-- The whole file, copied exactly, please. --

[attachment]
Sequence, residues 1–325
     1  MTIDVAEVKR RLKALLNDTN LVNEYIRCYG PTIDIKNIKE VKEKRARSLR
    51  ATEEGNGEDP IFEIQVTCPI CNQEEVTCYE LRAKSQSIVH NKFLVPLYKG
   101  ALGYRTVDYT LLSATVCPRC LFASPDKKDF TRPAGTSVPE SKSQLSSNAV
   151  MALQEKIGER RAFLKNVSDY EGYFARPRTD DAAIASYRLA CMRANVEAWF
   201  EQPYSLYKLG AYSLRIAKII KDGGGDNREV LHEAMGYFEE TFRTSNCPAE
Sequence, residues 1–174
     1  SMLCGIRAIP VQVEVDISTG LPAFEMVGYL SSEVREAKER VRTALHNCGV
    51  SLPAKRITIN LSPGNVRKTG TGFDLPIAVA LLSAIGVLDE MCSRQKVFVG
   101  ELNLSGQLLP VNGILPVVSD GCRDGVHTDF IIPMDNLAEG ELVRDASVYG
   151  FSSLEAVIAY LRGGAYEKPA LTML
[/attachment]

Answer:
Sequence, residues 1–325
     1  MTIDVAEVKR RLKALLNDTN LVNEYIRCYG PTIDIKNIKE VKEKRARSLR
    51  ATEEGNGEDP IFEIQVTCPI CNQEEVTCYE LRAKSQSIVH NKFLVPLYKG
   101  ALGYRTVDYT LLSATVCPRC LFASPDKKDF TRPAGTSVPE SKSQLSSNAV
   151  MALQEKIGER RAFLKNVSDY EGYFARPRTD DAAIASYRLA CMRANVEAWF
   201  EQPYSLYKLG AYSLRIAKII KDGGGDNREV LHEAMGYFEE TFRTSNCPAE
Sequence, residues 1–174
     1  SMLCGIRAIP VQVEVDISTG LPAFEMVGYL SSEVREAKER VRTALHNCGV
    51  SLPAKRITIN LSPGNVRKTG TGFDLPIAVA LLSAIGVLDE MCSRQKVFVG
   101  ELNLSGQLLP VNGILPVVSD GCRDGVHTDF IIPMDNLAEG ELVRDASVYG
   151  FSSLEAVIAY LRGGAYEKPA LTML